I’ve spent a lot of time exploring the magnificent nooks and crannies of northwest Washington, enjoying untold splendor along the way. But I had never driven the meandering scenic excursion known as the Cascade Loop. Described as Washington’s Ultimate Road Trip, the 440-mile loop traces an oblong circle from saltwater to the Columbia Highlands and back to saltwater, crossing the magnificent Cascade Range twice.
Wenatchee businessman Gordon Ohme masterminded the Loop in 1978 when he gathered some of his friends at a local pub. Armed with a map and pen, he and his cohorts drafted a Loop to connect the scenic and recreation hubs of the diverse country north of Seattle. Their devised route spanned a rich palette of vistas, iconic landscapes, and previously off-the-beaten-path destinations. It is this track my traveling companion and I were prepared to traverse on a crisp autumn weekend.
By now, the light had grown soft, casting long shadows in the canyons. The sweet perfume of sage drifted in through the car’s open window.
I’d seen a lot of beauty in my years of traveling this corner of the world, so I approached the journey from a local’s perspective, but one ready for a fresh look at my magnificent stomping grounds. I was not disappointed.
We turned off I-5 in Burlington and headed east up Highway 20 beside the mighty Skagit River, its muscular waters coursing down from the mountains, past the little moss-roofed clusters of homes in towns with names like Rockport and Marblemount, resembling villages in Middle Earth, blending into the green forest.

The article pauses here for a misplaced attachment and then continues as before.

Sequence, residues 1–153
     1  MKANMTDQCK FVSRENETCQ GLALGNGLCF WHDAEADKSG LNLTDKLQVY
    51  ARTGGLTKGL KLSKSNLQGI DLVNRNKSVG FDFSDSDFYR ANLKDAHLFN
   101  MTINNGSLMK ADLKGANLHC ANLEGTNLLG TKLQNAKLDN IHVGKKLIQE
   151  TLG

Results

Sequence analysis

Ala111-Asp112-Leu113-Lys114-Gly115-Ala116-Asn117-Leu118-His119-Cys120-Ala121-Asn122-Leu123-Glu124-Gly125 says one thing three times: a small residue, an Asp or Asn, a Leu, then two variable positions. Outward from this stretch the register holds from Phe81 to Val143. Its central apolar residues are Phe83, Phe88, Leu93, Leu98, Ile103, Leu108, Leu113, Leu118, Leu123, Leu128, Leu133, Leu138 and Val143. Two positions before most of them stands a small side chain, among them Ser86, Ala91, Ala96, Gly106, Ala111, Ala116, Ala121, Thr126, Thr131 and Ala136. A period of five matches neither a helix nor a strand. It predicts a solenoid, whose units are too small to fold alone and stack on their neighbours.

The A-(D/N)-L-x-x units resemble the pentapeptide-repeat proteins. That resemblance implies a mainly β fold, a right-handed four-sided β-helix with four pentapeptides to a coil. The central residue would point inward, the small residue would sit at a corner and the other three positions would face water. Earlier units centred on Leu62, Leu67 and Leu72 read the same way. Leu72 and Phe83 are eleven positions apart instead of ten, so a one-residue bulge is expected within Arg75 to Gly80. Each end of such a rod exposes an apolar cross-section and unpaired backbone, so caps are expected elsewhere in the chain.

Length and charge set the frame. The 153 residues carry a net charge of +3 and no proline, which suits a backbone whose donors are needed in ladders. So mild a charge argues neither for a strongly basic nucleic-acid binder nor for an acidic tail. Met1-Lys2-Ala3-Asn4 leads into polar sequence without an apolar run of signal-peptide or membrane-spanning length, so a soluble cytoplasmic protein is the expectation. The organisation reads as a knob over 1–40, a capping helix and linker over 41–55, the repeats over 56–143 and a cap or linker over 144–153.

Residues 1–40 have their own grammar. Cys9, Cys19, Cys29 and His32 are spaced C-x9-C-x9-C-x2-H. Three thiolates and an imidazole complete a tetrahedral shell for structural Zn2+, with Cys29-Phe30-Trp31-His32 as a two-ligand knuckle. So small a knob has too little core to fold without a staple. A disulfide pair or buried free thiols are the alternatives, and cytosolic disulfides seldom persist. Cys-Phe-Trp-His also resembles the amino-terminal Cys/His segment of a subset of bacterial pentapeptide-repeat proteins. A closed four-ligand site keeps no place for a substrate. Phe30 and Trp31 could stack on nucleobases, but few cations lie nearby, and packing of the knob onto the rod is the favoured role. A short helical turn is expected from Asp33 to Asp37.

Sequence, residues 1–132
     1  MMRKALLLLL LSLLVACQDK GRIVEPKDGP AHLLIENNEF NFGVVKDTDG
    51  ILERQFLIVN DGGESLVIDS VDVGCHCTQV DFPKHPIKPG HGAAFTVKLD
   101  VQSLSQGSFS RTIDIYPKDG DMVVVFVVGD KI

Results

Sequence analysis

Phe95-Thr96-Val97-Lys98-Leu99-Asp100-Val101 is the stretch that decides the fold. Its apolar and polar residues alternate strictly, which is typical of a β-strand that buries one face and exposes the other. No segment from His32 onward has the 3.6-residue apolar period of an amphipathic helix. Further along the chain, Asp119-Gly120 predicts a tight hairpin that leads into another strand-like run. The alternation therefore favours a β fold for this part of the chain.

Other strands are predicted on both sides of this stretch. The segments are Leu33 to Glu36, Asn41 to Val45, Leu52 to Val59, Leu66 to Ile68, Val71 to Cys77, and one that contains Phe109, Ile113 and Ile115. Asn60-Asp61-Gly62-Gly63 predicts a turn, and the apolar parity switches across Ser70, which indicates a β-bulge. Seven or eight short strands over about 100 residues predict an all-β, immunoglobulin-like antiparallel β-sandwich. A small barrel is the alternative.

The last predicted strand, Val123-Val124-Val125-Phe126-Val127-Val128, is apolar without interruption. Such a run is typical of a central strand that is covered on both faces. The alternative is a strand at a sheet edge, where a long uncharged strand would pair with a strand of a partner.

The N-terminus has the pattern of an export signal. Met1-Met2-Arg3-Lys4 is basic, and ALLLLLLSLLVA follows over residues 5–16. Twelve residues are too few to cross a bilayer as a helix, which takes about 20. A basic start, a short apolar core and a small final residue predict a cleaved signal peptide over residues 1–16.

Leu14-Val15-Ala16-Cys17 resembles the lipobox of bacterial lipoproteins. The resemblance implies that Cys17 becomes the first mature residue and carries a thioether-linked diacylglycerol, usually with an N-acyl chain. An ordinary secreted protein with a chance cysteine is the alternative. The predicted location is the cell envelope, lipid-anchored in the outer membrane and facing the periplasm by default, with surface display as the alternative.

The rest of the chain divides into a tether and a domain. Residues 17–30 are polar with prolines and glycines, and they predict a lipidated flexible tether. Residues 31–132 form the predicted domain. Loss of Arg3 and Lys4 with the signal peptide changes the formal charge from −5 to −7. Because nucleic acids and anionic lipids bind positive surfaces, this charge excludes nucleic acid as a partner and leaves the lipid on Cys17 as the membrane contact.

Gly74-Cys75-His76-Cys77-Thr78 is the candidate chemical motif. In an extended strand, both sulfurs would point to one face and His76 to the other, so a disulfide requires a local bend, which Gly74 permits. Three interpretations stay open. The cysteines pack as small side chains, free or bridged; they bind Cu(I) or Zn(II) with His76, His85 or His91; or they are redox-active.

Up we went into North Cascades National Park, a familiar and beloved summertime haunt. We pulled in at the Washington Pass Overlook and walked the paved paths that led to the overlook. How was it that I had never ventured to this little perch above the highway in all my years living in Washington? The view, I found, surprises—and inspires, offering a perfect vantage point of the Liberty Bell Group, rising like Valhalla above the highway.
Crowning the scene were the larches, golden in the afternoon light. The Larix lyallii, or subalpine larch, glow an iridescent orange when autumn comes calling. The sight infected me with what has become known as ‘larch madness’ and I decided to find a place where I could get up close and personal with these magnificent trees.
After descending the curvaceous switchbacks on the eastern side of the pass, we pulled into Mazama, a recreation haven boasting an impressive Nordic ski system that churns out Winter Olympians at a remarkable rate. A few miles of gravel road delivered us to the Goat Peak Trailhead, where we parked and laced up our hiking boots.